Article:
Do the Chinese excesses, given its political prisoners, suppression of dissent and aspirations of Tibetans and Uighurs, merit as much attention in the UN? Or what about Egypt which has banned NGOs from operating and arrests dissenting journalists? What about more stringent forms of punishment and suppression of democracy in Arab states? Does the UN realise by letting go of an objective analysis, and working according to pressure groups, has made it more propagandist than peace-keeper?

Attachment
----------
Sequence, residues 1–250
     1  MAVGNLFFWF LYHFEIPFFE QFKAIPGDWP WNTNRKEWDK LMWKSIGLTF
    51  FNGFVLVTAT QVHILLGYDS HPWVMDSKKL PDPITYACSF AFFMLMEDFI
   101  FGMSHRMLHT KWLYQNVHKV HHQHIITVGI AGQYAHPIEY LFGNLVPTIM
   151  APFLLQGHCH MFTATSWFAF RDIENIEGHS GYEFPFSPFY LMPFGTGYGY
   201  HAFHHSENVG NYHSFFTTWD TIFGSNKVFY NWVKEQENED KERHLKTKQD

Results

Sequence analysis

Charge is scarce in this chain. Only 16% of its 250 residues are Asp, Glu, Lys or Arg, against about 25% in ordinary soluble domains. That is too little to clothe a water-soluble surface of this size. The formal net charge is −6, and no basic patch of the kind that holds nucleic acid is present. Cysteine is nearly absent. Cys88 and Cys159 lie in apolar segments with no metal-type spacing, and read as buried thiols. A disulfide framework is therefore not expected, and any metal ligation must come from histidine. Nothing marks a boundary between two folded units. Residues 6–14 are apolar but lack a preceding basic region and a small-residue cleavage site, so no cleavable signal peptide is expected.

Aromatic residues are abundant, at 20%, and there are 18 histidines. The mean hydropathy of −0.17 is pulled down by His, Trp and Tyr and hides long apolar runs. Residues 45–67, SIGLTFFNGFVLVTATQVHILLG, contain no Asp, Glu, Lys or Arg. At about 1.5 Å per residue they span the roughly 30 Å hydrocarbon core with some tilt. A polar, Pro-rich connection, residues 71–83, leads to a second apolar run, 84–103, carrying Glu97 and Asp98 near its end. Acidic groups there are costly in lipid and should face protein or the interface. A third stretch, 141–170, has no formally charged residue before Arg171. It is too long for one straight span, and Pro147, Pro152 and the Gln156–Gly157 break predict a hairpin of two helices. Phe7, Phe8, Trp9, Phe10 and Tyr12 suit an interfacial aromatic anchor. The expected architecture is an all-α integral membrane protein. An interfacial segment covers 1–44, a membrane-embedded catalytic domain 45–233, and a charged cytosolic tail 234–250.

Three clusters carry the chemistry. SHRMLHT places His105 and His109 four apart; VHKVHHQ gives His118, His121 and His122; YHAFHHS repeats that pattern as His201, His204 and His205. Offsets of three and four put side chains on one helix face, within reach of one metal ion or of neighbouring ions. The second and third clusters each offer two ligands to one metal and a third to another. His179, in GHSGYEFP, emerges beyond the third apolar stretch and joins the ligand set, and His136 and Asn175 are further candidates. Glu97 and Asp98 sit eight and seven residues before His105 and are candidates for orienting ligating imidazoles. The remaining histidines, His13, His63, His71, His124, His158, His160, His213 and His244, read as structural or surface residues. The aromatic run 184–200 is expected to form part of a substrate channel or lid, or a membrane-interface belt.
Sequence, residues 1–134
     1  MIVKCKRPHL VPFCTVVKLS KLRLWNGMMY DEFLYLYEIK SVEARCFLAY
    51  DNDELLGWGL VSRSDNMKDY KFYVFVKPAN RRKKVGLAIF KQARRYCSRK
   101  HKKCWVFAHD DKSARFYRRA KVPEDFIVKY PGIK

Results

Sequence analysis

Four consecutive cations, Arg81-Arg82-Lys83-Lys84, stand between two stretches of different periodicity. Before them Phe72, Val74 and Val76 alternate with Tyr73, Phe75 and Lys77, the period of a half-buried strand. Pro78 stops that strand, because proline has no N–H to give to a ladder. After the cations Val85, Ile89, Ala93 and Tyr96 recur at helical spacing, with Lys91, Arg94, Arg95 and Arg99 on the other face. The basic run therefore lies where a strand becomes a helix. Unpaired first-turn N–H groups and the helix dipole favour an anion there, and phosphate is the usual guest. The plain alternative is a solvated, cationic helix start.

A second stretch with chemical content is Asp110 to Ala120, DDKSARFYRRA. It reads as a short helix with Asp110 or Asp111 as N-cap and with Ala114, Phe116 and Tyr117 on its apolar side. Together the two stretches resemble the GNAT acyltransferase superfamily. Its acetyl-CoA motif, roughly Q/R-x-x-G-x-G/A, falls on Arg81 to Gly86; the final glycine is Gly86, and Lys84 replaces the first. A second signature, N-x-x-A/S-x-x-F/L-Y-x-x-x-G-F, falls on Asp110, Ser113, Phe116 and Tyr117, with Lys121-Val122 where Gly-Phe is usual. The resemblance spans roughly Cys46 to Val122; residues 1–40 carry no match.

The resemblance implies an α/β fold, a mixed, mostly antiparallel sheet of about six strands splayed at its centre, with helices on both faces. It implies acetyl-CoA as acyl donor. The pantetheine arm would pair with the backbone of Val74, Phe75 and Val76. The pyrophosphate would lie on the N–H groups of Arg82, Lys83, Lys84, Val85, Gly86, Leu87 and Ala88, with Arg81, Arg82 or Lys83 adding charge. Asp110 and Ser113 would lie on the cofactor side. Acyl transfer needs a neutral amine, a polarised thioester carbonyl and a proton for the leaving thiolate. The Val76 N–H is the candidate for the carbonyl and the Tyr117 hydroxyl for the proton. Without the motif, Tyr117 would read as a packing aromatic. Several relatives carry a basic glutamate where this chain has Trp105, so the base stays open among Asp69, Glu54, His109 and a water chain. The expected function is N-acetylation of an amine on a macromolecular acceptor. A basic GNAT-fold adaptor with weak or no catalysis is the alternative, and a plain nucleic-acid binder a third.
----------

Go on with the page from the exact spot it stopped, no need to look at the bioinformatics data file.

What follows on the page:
The core issue is that the UN, or even other human rights watchdogs, exist simply by countering the establishment narrative anywhere in the world, assigning themselves a certain kind of legitimacy as a champion of the unheard or alternative voices without realising that some of their own investigations are compromised by subjective assessment than objective investigation. Most often the UN information resource is based on viewpoints of activists, who again have to justify their raison d’être. Often UN observer teams rely on second-hand information and the easy access to experts rather than probing the complexity of the situation. There is no problem with consulting experts, provided the basket has a credible mix of opinions and viewpoints, rather than relying on the “educated perception” of a few. The second problem is of referencing the study in the context of timelines and dot surveys. The UN says it is granted limited access but given its patchy performance in compiling reports, which cherry pick time periods that reinforce the prevalent theory than giving a holistic big picture, and sample sizes that are not at all widespread or representative, and which ignore the so-called “oppressor” as also an “oppressed”, can it really expect us to be welcoming?